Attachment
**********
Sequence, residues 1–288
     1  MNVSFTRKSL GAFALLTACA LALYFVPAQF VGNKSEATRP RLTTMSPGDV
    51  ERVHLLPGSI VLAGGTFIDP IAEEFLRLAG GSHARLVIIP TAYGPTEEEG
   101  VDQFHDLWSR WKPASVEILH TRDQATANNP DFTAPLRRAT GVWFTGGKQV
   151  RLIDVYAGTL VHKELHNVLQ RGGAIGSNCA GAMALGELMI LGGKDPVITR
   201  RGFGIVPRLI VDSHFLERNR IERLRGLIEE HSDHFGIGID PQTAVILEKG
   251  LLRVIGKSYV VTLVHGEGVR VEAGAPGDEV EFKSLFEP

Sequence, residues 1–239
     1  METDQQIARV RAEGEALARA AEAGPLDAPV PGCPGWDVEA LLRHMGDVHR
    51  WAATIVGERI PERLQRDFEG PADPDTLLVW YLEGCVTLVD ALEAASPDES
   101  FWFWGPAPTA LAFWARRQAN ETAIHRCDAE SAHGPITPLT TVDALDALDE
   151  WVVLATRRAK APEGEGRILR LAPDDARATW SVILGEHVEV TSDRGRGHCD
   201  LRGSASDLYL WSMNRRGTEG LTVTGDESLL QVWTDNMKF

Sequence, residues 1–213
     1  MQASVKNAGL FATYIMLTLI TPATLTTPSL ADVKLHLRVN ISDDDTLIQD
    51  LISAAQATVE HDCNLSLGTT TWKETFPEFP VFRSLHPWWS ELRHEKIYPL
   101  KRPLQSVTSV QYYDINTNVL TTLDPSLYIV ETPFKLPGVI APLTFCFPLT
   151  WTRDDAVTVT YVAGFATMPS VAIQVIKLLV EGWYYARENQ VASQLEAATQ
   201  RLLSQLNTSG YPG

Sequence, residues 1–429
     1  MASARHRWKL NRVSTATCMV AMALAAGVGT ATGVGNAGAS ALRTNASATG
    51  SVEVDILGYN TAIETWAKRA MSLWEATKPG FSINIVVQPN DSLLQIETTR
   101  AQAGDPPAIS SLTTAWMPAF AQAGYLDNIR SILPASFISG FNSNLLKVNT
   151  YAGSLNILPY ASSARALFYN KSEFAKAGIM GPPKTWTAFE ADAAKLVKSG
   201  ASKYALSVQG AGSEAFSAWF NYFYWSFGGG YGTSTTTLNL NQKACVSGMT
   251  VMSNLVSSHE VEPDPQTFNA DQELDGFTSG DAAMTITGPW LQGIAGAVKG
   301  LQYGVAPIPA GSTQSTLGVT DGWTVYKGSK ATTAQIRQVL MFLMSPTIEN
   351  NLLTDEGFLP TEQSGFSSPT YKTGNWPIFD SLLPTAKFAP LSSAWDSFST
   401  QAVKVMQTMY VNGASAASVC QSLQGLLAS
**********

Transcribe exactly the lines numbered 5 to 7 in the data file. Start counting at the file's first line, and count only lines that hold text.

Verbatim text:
   151  RLIDVYAGTL VHKELHNVLQ RGGAIGSNCA GAMALGELMI LGGKDPVITR
   201  RGFGIVPRLI VDSHFLERNR IERLRGLIEE HSDHFGIGID PQTAVILEKG
   251  LLRVIGKSYV VTLVHGEGVR VEAGAPGDEV EFKSLFEP